by Mitch Kokai
Senior Political Analyst, John Locke Foundation
Technology giant Google has launched an “antiracism” initiative that presents speakers and materials claiming that America is a “system of white supremacy” and that all Americans are “raised to be racist.”
I have obtained a trove of whistleblower documents from inside Google that reveal the company’s extensive racial-reeducation program, based on the core tenets of critical race theory—including “intersectionality,” “white privilege,” and “systemic racism.” In a foundational training module called “Allyship in Action,” Google’s head of systemic allyship Randy Reyes and a team of consultants from The Ladipo Group train employees to deconstruct their racial and sexual identities, and then rank themselves on a hierarchy of “power [and] privilege.” The trainers then instruct the employees to “manage [their] reactions to privilege”—which are likely to include feelings of “embarrassment, shame, fear, [and] anger”—through “body movement,” “deep breathing,” “accessing [their] ‘happy place,’” and “cry[ing].”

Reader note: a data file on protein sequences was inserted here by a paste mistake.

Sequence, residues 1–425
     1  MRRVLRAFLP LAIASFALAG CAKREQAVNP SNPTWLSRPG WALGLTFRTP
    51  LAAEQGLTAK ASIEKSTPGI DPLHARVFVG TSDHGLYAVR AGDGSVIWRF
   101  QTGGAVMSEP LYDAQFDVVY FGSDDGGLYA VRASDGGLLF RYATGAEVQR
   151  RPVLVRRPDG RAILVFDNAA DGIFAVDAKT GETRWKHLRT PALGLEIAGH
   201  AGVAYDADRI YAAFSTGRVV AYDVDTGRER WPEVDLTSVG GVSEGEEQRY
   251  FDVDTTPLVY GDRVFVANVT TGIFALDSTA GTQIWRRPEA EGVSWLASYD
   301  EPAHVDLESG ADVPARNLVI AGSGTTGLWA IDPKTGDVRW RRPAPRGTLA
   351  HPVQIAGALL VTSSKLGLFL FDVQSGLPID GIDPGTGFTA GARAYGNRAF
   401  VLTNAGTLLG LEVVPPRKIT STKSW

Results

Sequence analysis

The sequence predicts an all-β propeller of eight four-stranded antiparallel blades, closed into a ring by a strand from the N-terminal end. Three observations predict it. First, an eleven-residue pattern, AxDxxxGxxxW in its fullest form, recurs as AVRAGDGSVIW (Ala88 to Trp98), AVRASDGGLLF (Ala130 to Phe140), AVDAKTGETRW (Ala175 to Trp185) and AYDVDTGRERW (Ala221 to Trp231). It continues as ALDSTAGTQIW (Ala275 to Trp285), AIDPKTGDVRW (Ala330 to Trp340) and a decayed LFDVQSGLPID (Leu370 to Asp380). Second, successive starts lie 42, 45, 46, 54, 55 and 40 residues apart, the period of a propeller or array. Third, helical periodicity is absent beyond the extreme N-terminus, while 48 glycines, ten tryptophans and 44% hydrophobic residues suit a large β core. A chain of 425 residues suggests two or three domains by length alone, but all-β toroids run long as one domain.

The program presents a series of video conversations promoting the idea that the United States was founded on white supremacy. In one video, Google’s former global lead for diversity strategy, Kamau Bobb—who was later reassigned to a non-diversity-related role at the company after being exposed for writing that Jews have “an insatiable appetite for war and killing”—discussed America’s founding with 1619 Project editor Nikole Hannah-Jones. . Jones claimed that “the first Africans being sold on the White Lion [slave ship in 1619] is more foundational to the American story” than “the Pilgrims landing at Plymouth Rock.” She claimed that she led the New York Times’s 1619 Project—a revisionist historical account of the American founding—to verify her “lifelong theory” that everything in the modern-day United States can be traced back to slavery. …
… In 2015, Google quietly ditched its corporate motto, “Don’t Be Evil.” Maybe the company, which has now become the world’s library, should revisit that decision.